GQ: You tend to buckle down and immerse yourself in the editing process. Is that exhausting?
Harmony Korine: I like it. It's my favorite thing. It's one of my favorite times in life, to be able to disappear and make a movie. Most of my life is spent trying to get away from people so that I could make things.

GQ: You'd said something similar about filmmaking, the sort of filmmaking that's largely made up other films, as this hyper-referential collage. Like a Tarantino movie.
Harmony Korine: I think it's good if there's meaning behind references. Otherwise it can seem to just pass the time, you know what I mean?

GQ: Do you care how your work is interpreted? Or at least how critics interpret it?
Harmony Korine: You care as much as you want people to enjoy things. But honestly, I just do what I do. I don't even care. I just make things, there's a purpose to it. I don't sit around and I've never thought about things like that too deeply. Good or bad, it's just like whatever, what the fuck.

GQ: You'd said you don't watch your movies. Do you still do that?
Harmony Korine: Yeah, why would I watch them? I made them! There's so much other stuff to do. It's not important for me to be reminded of who I am. I've never felt the need to do those things. I don't understand people's compulsions to network, to be social, to be part of a group or join in. All I ever wanted to do was join out. It doesn't make sense to me.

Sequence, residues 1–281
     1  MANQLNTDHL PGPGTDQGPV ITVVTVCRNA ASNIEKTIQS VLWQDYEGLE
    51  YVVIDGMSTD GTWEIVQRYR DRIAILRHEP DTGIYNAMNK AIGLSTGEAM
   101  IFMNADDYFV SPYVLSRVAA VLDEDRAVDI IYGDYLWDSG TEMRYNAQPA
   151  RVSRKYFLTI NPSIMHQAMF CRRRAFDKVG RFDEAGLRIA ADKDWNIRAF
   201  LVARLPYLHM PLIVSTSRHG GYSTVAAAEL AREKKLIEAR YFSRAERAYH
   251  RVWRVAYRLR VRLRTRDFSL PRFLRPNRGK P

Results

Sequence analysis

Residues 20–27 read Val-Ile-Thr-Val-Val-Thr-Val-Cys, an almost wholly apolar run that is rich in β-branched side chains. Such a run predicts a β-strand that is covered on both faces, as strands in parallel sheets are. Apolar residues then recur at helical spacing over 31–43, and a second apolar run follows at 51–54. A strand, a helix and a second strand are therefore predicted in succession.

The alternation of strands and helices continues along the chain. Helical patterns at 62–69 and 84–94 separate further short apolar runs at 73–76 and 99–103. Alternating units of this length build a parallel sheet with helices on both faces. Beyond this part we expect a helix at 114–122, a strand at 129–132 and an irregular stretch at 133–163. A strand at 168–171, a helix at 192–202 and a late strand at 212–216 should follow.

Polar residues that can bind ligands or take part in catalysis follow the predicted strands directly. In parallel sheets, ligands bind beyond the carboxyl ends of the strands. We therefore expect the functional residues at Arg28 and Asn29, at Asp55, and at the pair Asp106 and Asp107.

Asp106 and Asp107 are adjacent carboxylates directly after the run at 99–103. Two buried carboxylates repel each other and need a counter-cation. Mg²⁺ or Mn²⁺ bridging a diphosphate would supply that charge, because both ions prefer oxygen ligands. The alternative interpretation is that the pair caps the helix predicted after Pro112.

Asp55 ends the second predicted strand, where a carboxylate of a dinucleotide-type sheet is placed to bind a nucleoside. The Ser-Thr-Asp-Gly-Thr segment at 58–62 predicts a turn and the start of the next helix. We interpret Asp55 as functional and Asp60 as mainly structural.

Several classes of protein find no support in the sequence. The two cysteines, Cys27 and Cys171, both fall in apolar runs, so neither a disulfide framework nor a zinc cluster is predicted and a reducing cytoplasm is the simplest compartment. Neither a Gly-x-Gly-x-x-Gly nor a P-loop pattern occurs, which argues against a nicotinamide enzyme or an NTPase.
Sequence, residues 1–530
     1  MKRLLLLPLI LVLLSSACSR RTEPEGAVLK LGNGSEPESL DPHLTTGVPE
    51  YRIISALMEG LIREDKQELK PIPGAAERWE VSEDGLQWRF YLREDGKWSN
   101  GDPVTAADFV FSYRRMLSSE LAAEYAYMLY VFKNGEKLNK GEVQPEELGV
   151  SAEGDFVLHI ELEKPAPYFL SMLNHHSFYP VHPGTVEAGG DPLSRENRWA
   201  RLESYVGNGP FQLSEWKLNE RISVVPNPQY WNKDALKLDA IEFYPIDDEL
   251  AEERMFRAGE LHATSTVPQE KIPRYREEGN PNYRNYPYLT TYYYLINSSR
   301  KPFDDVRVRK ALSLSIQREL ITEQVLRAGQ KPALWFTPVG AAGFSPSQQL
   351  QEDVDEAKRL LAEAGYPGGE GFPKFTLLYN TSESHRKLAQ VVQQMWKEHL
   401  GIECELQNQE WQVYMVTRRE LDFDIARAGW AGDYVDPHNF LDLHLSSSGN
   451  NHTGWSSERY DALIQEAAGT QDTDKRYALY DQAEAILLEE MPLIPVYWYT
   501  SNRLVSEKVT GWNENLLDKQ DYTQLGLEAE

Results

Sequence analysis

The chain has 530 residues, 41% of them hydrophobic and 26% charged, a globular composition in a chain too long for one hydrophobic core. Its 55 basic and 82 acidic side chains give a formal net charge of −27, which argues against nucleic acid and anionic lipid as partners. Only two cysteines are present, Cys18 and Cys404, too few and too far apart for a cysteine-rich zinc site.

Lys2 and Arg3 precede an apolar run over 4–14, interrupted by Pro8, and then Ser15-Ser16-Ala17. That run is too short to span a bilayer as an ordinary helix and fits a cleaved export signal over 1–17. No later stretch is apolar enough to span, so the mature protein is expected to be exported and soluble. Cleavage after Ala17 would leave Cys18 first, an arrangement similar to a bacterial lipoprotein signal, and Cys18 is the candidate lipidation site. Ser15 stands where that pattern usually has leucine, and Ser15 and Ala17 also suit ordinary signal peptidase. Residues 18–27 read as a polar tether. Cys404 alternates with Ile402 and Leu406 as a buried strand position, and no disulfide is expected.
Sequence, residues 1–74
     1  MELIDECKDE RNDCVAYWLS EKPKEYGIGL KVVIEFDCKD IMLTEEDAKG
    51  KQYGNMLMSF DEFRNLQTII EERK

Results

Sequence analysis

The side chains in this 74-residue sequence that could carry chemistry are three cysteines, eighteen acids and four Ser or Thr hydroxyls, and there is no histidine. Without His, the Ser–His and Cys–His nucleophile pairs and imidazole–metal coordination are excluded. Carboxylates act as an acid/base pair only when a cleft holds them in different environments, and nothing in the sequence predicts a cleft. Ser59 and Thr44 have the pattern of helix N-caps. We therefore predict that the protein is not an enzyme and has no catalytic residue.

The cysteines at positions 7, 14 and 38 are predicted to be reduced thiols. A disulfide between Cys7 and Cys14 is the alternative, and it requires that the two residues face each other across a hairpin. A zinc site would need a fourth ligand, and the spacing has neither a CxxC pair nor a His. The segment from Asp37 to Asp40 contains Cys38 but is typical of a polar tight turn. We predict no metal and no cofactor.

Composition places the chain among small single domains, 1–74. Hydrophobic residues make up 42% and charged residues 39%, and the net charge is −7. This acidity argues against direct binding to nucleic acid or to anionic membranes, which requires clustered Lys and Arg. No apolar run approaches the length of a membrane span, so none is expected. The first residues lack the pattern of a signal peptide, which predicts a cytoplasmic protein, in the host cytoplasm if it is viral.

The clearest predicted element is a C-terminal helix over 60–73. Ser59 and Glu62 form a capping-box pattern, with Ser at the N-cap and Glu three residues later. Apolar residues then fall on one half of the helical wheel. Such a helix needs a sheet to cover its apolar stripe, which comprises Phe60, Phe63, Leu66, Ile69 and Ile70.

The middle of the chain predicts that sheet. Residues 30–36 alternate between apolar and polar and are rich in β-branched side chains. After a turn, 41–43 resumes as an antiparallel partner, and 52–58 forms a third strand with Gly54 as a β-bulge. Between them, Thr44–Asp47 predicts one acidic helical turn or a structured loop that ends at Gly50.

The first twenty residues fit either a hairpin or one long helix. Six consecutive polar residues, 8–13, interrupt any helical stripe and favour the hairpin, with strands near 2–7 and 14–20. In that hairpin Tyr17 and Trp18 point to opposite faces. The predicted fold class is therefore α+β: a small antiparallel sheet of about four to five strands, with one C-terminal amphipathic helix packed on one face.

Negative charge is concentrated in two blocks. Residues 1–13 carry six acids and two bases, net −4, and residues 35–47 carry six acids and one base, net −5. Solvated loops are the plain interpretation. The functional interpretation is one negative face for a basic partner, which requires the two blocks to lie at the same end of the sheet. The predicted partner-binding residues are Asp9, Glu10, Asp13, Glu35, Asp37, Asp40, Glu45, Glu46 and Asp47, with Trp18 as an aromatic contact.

GQ: But do you ever look back on it and think it should have been different?
Harmony Korine: No, I always think that it was perfect, even with all the mistakes. I never question it. It's exactly the way it should be. Once it's done, it's perfect, and it exists in its own world.

GQ: Do you feel unaffected by criticism?
Harmony Korine: Well, no. But do you get affected when your mother tells you you're a scumbag?

GQ: Um. Maybe.
Harmony Korine: You're affected by it for that afternoon, but then the next morning, you're out partying.

GQ: So there's no residual effect?
Harmony Korine: How can I say this? I've been making movies since I was a kid. I've heard everything. In the end, good or bad, it doesn't matter. I want people to enjoy it. But I make work because I have to, because I love it. I was never trying to create so that I would all of a sudden fall into some world. Basically what I'm trying to say is I really don't give a shit. 


GQ: For a long time, people have associated you with New York. And then I read that you hated it. Are you driven by place? Florida seems like it's own country.
Harmony Korine: Yeah. It definitely felt like that. I travel to mostly shitty places, I try not to travel anywhere too nice. I almost never go anywhere nice, but I go lots of places that are horrible.

GQ: Like where?
Harmony Korine: Like everywhere in America.  (umm excuse u america is beautiful geographically, mister)